RC (ViU: TJP-PC); endorsed by TJ as received 22 Jan. 1819 and so recorded in SJL. RC (DLC); address cover only; with PoC of TJ to Joseph Miller, 30 Jan. 1819, on verso; addressed: “Mr Jefferson Monticello”; franked; postmarked Richmond, 18 Jan.

On 16 Jan. 1819 Rockbridge County delegate Andrew Alexander moved to strike the central college from the bill naming it as the site of the University of Virginia. On the same day Briscoe G. Baldwin made a lengthy speech in the House of Delegates extolling the advantages of Staunton as a potential site for the university and calling on the eastern portion of the state to recognize both the importance of their western brethren and their efforts during the War of 1812 by locating the institution to the west. When it became clear on 18 Jan. that his advocacy of Staunton had failed, Baldwin nonetheless urged the western delegation to support the creation of the University of Virginia in the interest of state unity (Richmond Enquirer, 19 Jan. 1819).

Nemine contradicente (nem: con.): “without opposition or dissent” (Black’s Law Dictionary description begins Bryan A. Garner and others, eds., Black’s Law Dictionary, 7th ed., 1999 description ends ). John Bowyer, of Rockbridge County, objected to the mode pursued by TJ for determining the center of the state’s population, both for the arbitrary manner in which the lines were drawn and for the inclusion of free blacks in the population count (Richmond Enquirer, 19 Jan. 1819; see also TJ’s Notes on the Geographic Center of Virginia’s Population, printed above at 4 Aug. 1818).

1Word interlined in place of “question.”

2Word interlined in place of “proposed.”

3Cabell here canceled “<the two> Lexington & Charlottesville.”

4Manuscript: “a cross.”

5Preceding two words interlined.

Index Entries

  • African-Americans; population of in Va. search
  • Alexander, Andrew; and establishment of University of Virginia search
  • Baldwin, Briscoe Gerard; and establishment of University of Virginia search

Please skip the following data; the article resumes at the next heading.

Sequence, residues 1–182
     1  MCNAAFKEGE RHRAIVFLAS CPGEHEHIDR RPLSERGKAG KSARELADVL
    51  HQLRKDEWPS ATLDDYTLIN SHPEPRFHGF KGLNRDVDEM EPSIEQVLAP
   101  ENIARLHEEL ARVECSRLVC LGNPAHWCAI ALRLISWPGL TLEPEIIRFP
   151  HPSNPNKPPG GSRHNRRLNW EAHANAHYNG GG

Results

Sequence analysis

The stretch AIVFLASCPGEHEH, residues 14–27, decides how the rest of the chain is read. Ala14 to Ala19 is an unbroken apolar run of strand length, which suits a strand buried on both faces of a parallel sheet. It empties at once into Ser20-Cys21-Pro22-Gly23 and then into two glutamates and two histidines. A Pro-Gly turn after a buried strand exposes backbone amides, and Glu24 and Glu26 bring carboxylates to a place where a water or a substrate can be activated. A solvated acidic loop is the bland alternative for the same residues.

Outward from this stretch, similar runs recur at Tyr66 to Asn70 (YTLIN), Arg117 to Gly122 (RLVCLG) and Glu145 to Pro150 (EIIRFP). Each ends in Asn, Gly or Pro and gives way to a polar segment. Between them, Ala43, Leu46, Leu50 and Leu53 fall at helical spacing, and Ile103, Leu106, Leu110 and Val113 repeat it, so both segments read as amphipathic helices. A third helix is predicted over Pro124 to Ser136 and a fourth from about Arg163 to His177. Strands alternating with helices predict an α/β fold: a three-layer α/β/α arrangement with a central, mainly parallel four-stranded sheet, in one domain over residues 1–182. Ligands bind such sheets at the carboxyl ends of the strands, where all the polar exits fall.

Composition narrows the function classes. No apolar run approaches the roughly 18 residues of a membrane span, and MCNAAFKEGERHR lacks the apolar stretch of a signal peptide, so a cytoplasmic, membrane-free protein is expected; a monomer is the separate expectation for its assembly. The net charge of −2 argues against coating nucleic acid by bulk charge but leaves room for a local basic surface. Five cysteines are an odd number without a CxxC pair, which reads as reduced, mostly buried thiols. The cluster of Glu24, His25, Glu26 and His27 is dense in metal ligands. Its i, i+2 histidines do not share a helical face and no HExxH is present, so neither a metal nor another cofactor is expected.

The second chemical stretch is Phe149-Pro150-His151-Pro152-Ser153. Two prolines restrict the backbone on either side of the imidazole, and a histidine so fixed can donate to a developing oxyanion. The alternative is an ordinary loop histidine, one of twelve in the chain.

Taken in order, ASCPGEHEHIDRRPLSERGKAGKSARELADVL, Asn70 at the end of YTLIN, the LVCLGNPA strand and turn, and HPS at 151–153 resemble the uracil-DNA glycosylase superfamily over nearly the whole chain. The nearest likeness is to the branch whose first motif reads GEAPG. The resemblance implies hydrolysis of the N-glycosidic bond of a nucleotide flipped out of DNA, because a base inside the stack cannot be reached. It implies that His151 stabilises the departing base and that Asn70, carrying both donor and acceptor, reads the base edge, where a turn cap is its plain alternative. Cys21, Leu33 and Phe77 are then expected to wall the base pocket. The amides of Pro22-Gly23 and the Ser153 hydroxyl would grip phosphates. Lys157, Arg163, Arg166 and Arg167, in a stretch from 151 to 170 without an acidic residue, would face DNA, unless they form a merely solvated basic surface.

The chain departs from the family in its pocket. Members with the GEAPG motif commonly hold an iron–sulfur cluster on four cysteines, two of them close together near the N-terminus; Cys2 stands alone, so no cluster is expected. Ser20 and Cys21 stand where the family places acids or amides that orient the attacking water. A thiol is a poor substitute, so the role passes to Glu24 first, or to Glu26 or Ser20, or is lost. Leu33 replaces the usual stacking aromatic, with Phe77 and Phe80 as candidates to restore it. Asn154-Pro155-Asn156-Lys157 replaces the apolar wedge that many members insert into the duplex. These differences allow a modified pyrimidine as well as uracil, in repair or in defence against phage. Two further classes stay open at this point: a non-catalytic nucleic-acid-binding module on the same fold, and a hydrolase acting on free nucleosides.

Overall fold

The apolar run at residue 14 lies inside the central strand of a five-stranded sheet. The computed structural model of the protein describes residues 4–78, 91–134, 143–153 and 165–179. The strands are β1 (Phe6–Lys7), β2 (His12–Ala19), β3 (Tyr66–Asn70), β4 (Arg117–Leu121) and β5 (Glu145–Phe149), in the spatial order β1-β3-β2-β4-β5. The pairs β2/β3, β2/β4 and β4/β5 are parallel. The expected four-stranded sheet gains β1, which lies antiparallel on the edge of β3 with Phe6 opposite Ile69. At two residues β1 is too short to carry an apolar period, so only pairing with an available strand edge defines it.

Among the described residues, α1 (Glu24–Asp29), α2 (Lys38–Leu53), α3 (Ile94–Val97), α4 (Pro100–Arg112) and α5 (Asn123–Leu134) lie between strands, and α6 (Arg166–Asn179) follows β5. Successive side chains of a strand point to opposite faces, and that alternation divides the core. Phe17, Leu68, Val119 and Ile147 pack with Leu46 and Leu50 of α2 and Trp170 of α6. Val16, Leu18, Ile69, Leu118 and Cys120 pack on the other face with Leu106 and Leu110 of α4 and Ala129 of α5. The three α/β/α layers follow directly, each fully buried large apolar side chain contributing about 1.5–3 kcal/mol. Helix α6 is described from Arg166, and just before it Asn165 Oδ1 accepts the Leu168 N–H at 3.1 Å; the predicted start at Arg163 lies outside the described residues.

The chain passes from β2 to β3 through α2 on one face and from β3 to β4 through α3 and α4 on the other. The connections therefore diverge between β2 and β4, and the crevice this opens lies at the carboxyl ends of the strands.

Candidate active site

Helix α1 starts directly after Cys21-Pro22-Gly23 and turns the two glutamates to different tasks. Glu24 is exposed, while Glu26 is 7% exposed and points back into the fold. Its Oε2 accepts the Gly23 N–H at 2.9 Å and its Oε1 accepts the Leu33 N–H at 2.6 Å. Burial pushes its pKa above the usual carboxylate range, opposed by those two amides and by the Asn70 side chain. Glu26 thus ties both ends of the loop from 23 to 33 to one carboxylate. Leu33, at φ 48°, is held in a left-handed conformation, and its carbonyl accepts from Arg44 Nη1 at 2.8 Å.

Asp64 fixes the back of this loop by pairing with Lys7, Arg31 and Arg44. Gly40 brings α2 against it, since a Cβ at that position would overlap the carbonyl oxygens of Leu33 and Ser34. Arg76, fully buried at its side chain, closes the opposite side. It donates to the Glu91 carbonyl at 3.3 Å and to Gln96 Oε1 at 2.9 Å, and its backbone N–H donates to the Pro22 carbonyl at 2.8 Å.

• Bowyer, John; and establishment of University of Virginia search
  • Cabell, Joseph Carrington; and establishment of University of Virginia search
  • Cabell, Joseph Carrington; health of search
  • Cabell, Joseph Carrington; letters from search
  • Carr, Dabney (1773–1837) (TJ’s nephew); and University of Virginia search
  • Carr, Dabney (1773–1837) (TJ’s nephew); visits Monticello search
  • Census, U.S.; of1810 search
  • Central College; as state university of Va. search
  • health; spitting blood search
  • Hoomes, Thomas Claiborne; and establishment of University of Virginia search
  • Hunter, James; and establishment of University of Virginia search
  • Jefferson, Thomas; Writings; Bill to Establish a University search
  • Jefferson, Thomas; Writings; Notes on the Geographic Center of Virginia’s Population search
  • medicine; bloodletting search
  • Monticello (TJ’s Albemarle Co. estate); Visitors to; Carr, Dabney (1773–1837) search
  • Richmond Enquirer (newspaper); prints TJ’s Notes on the Geographic Center of Virginia’s Population search
  • Staunton, Va.; as potential location for state university search
  • Virginia, University of; Establishment; and General Assembly search
  • Virginia, University of; Establishment; Bill to Establish a University search
  • Virginia, University of; Establishment; Notes on the Geographic Center of Virginia’s Population search
  • Virginia; center of population of search
  • Virginia; House of Delegates search
  • Virginia; Senate search